The Killeen City Council is considering a contract for the development of a water reuse master plan that would move the city forward with its initiative to conserve potable water.
In September, the council approved the city’s request to enter into a reclaimed water supply agreement with Bell County Water Control and Improvement District No. 1
Now, city staff is requesting the council’s approval to hire engineering firm Freese and Nichols Inc./Walker Partners Engineers team to develop a master plan.
“(The city’s) growth brings with it the additional demand for public support systems, including dependable raw water supply and a potable delivery system,” Public Works Director Scott Osburn said. “Killeen has been proactive in reviewing and strengthening its water resources and facilities. Due to limited raw water supplies in Central Texas, the utilization of reuse and reclaimed water has offered the city additional long-term options in its integrated water resource strategies.”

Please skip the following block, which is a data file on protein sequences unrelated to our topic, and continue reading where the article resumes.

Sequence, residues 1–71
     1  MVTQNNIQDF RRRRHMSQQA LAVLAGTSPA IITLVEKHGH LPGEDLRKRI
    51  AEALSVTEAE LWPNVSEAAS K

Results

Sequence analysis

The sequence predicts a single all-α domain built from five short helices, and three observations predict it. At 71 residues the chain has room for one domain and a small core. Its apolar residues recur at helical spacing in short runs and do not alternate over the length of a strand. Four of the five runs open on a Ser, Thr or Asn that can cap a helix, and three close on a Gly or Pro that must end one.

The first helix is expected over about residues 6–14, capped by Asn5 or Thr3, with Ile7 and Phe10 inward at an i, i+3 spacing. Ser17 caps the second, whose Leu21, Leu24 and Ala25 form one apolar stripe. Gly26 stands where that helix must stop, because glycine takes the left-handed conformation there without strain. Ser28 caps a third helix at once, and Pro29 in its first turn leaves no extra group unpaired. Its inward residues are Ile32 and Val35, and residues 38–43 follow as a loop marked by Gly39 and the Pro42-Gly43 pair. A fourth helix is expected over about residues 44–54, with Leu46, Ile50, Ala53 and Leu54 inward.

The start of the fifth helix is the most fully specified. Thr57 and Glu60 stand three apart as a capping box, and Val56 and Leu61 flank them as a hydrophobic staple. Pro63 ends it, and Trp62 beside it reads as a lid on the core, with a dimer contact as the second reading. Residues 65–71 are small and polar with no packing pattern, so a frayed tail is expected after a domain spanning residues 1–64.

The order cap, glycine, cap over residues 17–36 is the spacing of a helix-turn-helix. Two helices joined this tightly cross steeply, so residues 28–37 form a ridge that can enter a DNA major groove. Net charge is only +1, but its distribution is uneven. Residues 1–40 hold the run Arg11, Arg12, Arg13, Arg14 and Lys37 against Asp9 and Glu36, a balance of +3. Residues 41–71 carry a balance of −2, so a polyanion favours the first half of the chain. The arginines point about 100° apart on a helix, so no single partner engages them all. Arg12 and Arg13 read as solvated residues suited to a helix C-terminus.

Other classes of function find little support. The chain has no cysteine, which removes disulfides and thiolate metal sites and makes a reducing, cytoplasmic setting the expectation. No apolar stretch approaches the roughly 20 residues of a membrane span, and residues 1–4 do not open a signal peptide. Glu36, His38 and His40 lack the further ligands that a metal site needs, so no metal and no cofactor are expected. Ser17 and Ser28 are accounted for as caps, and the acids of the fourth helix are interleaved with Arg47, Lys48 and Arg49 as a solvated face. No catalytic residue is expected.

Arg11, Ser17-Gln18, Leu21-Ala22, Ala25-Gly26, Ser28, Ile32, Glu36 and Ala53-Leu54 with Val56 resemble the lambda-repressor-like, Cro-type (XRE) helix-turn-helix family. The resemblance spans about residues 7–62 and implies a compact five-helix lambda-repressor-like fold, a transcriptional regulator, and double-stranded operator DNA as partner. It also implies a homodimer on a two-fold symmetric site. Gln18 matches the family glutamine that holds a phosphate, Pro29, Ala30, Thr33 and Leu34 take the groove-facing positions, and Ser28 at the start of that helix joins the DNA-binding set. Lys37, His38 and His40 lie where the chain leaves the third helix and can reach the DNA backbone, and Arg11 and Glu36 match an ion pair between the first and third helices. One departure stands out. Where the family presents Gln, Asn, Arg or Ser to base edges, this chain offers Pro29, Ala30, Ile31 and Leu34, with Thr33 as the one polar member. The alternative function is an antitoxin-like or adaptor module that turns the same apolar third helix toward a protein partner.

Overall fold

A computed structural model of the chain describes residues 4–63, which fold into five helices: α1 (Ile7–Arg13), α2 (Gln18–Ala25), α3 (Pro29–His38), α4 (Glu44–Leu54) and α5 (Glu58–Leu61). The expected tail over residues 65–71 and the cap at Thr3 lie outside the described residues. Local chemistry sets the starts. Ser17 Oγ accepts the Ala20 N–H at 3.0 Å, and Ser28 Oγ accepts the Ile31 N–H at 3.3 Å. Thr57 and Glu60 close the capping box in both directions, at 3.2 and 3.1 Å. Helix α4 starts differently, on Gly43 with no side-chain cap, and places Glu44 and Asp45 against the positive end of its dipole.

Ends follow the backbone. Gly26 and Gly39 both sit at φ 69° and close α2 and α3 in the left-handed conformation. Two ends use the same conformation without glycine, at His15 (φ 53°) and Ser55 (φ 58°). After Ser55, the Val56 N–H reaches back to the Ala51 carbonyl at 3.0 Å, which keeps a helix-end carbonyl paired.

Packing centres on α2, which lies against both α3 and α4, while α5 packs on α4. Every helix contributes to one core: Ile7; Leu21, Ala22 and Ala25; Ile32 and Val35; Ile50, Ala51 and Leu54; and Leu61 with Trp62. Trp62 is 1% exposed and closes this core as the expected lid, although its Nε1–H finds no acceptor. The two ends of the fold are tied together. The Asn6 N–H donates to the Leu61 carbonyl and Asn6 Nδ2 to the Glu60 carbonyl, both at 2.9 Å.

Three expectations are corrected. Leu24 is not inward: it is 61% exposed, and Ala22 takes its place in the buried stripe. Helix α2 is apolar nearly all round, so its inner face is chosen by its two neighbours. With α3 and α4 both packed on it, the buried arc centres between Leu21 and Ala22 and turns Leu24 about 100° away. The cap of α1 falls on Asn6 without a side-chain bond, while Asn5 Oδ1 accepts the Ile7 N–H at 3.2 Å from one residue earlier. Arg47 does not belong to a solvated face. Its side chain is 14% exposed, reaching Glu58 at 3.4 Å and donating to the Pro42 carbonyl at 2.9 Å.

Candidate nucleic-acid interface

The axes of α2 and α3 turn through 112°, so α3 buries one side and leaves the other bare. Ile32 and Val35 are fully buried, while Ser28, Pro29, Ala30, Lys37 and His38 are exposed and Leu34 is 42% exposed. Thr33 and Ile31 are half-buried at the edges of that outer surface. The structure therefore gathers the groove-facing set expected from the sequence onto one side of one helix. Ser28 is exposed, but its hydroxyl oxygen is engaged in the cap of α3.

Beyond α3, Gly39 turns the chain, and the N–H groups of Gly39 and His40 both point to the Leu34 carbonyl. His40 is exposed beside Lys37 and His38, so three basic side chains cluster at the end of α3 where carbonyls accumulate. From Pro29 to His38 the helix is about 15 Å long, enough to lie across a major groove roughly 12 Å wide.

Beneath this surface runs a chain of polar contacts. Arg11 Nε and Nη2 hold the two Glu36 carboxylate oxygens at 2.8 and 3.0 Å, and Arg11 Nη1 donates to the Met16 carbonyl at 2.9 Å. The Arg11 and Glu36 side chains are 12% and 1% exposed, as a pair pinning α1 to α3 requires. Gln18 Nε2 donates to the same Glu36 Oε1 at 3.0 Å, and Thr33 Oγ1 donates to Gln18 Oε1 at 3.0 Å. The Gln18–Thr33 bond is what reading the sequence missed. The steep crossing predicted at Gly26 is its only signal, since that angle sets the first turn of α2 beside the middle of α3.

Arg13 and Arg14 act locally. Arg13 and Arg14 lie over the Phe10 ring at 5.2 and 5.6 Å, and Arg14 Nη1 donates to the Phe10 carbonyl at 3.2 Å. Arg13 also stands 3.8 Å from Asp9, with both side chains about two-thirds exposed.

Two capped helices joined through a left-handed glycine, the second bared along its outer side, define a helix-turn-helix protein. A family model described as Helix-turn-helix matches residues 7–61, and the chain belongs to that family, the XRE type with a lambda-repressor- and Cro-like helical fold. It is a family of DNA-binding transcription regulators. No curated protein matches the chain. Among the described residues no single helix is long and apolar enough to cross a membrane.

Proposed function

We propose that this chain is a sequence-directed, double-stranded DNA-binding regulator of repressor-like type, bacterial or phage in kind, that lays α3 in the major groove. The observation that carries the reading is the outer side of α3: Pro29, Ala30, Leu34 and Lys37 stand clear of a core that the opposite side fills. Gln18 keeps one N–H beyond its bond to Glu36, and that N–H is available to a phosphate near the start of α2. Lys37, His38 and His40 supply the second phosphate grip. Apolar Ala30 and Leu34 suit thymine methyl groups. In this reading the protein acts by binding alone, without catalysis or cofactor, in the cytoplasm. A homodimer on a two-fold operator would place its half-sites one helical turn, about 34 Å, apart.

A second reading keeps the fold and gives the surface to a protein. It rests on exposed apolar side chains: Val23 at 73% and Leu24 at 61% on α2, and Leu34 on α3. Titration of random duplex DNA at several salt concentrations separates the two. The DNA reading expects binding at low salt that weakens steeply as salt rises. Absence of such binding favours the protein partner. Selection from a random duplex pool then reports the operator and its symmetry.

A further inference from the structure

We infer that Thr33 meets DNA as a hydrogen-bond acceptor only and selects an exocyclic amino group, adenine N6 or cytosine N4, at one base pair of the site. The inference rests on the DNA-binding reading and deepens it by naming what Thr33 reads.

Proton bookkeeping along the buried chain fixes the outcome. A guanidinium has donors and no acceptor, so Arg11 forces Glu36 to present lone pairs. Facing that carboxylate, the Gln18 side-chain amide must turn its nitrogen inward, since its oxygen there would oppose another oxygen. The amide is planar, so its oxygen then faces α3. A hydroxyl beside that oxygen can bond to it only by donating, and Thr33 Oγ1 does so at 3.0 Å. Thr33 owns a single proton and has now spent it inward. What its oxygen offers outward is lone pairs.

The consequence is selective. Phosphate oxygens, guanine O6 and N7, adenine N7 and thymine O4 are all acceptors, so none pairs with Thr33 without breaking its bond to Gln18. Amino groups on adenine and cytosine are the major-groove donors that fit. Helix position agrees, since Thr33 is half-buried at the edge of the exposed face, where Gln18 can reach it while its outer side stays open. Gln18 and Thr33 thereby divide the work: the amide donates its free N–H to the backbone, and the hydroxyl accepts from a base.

Reclaimed water, also known as graywater, is highly treated water but it’s unsafe for human consumption. It’s used for a variety of applications, including irrigation and industrial cooling water.
Osburn said the use of reclaimed water will preserve the amount of treated potable water available for general use in the city.
By using graywater to irrigate Stonetree Golf Club, about 500,000 gallons of potable water would be saved daily.
Osburn said following the agreement with WCID-1 for reclaimed water, the next step is establishing a water reuse master plan.
The development of the master plan is estimated to cost $327,637.
The council will vote on whether to hire the engineering firm in its 5 p.m. regular meeting Tuesday.